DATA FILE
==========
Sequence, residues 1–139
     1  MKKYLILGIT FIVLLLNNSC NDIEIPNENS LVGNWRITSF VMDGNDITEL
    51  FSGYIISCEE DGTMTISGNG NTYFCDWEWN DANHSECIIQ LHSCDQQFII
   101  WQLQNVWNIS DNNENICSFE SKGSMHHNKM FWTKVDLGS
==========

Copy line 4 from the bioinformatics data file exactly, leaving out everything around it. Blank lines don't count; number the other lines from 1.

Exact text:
   101  WQLQNVWNIS DNNENICSFE SKGSMHHNKM FWTKVDLGS